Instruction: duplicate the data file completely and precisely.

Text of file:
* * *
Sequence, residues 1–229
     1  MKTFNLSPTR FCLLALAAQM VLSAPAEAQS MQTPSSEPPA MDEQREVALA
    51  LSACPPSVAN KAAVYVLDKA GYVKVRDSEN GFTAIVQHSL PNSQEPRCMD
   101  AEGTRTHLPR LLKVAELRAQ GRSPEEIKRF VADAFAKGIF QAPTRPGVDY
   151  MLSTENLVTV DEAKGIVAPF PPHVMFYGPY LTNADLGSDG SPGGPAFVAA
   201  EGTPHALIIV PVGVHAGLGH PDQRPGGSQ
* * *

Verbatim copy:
Sequence, residues 1–229
     1  MKTFNLSPTR FCLLALAAQM VLSAPAEAQS MQTPSSEPPA MDEQREVALA
    51  LSACPPSVAN KAAVYVLDKA GYVKVRDSEN GFTAIVQHSL PNSQEPRCMD
   101  AEGTRTHLPR LLKVAELRAQ GRSPEEIKRF VADAFAKGIF QAPTRPGVDY
   151  MLSTENLVTV DEAKGIVAPF PPHVMFYGPY LTNADLGSDG SPGGPAFVAA
   201  EGTPHALIIV PVGVHAGLGH PDQRPGGSQ